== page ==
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Old June 29 2013, 01:57 AM   #657
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Location: La Belle Province or The Green Mountain State (depends on the day of the week)
Re: Star Trek Into Darkness & The Bechdel Test

Maurice wrote: View Post
As I've said before, Bechdel aside the problem I have with many films is the the female characters are rarely acting out of personal agency...that is, what they WANT is typically tied to a man (relationship issue, daddy issue, etc.) and that women are often portrayed as using sex to get what they want, which is the whole Vamp stereotype that goes back a century. Where's the woman who gives up a relationship for a career? Where're the "no beach to walk on" female characters?
The vacillation between "traditional" and "progressive" ideals (in the US anyway) seems to be in sync (not perfectly, but broadly) with the general public's degree of anxiety in uncertain economic times. The late 50s to late 60s was a time of economic prosperity in the US and it was a period of transition away from "traditional" towards "progressive" ideas. Cultural time lag being what it is, that transition peaked in the 1970s (think of Mary Tyler Moore, Norma Rae, Faye Dunaway's character in Network, Maude) across a broad swath of the pop culture landscape. Not perfect by any means, but a major change from Father Knows Best-type perspectives.

The uncertainty of the 70s bred a step back to tradition which manifested in the 80s in many ways, though never as much as in the 50s/early 60s (two steps forward, one step back, rather than the reverse). Then, with the (in retrospect somewhat shaky) economic confidence of the 80s followed a surge in progressive women characters in pop culture (Murphy Brown, Designing Women, Thelma and Louise--again, hardly perfect, but still busting through against tradition). And so on. The 2000s, thus far, have been a long series of years of uncertainty--first with 9/11, the wars, the economic upheaval--so traditional ideals have made a come-back. By now, though, with half a century of tidal changes, the figurative seashore/landscape is different. Tradition may have its champions (quite loud, in some cases) but progressive ideas are not lying down without resistance.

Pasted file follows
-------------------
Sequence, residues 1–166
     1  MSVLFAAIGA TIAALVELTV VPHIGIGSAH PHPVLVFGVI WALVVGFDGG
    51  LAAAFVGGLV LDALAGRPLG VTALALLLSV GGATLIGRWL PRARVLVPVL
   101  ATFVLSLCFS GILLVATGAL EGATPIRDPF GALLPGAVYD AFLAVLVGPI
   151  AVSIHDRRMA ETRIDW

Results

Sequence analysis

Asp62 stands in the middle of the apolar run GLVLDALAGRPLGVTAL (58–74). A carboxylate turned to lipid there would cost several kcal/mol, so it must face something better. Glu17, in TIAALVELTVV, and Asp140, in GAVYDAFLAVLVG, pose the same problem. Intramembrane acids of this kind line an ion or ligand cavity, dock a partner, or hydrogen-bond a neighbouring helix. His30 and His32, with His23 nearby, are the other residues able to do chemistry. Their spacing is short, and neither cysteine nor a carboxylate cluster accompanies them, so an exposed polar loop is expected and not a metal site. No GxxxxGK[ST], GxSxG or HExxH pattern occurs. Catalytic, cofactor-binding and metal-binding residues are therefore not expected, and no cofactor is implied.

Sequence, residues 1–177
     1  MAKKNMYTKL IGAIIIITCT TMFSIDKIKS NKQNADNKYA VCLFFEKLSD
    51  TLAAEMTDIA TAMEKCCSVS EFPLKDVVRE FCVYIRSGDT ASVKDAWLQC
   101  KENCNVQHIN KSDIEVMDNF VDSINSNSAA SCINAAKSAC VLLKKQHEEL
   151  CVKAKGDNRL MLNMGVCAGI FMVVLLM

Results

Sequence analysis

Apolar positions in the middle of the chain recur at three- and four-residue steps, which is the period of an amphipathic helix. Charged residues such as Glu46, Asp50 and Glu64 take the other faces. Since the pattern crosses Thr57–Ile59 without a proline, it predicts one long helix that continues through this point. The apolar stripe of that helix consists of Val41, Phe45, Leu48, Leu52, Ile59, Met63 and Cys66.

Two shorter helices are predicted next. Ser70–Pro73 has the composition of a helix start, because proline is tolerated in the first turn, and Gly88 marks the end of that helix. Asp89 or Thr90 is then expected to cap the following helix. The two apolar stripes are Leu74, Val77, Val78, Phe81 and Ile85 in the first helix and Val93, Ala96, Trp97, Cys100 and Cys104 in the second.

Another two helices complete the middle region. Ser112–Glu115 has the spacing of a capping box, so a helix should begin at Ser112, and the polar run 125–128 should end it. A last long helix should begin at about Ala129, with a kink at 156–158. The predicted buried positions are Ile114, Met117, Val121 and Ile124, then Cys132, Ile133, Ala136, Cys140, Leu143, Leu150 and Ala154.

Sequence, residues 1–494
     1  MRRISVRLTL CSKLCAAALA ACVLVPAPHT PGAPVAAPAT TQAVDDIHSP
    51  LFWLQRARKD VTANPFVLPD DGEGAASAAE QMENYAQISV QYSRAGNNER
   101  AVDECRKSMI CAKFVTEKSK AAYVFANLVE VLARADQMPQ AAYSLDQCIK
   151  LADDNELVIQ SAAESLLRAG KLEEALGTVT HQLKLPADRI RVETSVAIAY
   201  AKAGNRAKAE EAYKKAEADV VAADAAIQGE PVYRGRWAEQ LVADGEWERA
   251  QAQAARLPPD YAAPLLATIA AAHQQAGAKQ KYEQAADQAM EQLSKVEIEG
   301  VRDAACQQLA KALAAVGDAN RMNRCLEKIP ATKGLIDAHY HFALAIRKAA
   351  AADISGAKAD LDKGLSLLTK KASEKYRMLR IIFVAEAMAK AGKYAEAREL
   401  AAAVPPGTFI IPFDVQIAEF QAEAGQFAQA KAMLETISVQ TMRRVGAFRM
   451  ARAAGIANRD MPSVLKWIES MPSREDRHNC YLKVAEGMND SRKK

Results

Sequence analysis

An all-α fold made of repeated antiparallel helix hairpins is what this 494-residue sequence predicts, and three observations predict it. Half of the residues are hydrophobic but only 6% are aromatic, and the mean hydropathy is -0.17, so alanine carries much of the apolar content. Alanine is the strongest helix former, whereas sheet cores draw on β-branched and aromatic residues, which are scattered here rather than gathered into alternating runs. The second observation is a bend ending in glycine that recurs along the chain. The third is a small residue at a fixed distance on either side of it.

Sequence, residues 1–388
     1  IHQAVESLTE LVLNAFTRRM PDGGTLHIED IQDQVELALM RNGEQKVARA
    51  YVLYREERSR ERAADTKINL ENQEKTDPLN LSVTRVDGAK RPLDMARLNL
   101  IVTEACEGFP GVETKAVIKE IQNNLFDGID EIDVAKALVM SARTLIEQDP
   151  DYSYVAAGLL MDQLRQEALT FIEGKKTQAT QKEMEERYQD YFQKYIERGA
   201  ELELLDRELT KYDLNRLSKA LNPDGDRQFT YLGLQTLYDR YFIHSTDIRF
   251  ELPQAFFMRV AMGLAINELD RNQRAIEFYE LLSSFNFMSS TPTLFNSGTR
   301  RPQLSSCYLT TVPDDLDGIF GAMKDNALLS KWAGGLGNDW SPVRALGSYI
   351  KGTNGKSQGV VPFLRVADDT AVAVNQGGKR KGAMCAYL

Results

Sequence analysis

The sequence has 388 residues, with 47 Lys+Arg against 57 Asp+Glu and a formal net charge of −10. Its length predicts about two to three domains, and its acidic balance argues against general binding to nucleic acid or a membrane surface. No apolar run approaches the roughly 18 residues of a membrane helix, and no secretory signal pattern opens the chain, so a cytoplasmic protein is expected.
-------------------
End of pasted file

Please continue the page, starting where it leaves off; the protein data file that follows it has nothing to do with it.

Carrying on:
Moreover, considerable progress has already been made and retained, such that some of the points that seem to be crucial in terms of championing progressive ideals, in relative terms (witness many of the exchanges in this thread), are, in absolute terms, rather small when compared to the mid-20th century. This is not to suggest that "success has been attained, no more need be done" but rather a reminder that, taken in the larger context, some of the points being fought over might not be worth the energy when there are still significant shortcomings in other areas that demand greater attention. Just something to consider.
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